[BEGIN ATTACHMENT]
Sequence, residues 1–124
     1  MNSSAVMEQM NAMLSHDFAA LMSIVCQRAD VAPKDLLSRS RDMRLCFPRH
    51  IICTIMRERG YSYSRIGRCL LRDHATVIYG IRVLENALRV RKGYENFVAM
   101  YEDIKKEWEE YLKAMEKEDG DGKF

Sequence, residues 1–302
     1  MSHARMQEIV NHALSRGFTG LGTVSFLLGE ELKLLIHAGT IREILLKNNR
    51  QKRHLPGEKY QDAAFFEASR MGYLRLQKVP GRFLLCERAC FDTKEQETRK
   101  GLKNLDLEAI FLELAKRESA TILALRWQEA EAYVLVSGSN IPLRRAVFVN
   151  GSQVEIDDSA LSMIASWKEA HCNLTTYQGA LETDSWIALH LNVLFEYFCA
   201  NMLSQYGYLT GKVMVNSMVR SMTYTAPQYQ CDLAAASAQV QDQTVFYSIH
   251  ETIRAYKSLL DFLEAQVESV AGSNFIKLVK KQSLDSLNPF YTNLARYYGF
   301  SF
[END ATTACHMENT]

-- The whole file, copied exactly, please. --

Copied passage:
Sequence, residues 1–124
     1  MNSSAVMEQM NAMLSHDFAA LMSIVCQRAD VAPKDLLSRS RDMRLCFPRH
    51  IICTIMRERG YSYSRIGRCL LRDHATVIYG IRVLENALRV RKGYENFVAM
   101  YEDIKKEWEE YLKAMEKEDG DGKF

Sequence, residues 1–302
     1  MSHARMQEIV NHALSRGFTG LGTVSFLLGE ELKLLIHAGT IREILLKNNR
    51  QKRHLPGEKY QDAAFFEASR MGYLRLQKVP GRFLLCERAC FDTKEQETRK
   101  GLKNLDLEAI FLELAKRESA TILALRWQEA EAYVLVSGSN IPLRRAVFVN
   151  GSQVEIDDSA LSMIASWKEA HCNLTTYQGA LETDSWIALH LNVLFEYFCA
   201  NMLSQYGYLT GKVMVNSMVR SMTYTAPQYQ CDLAAASAQV QDQTVFYSIH
   251  ETIRAYKSLL DFLEAQVESV AGSNFIKLVK KQSLDSLNPF YTNLARYYGF
   301  SF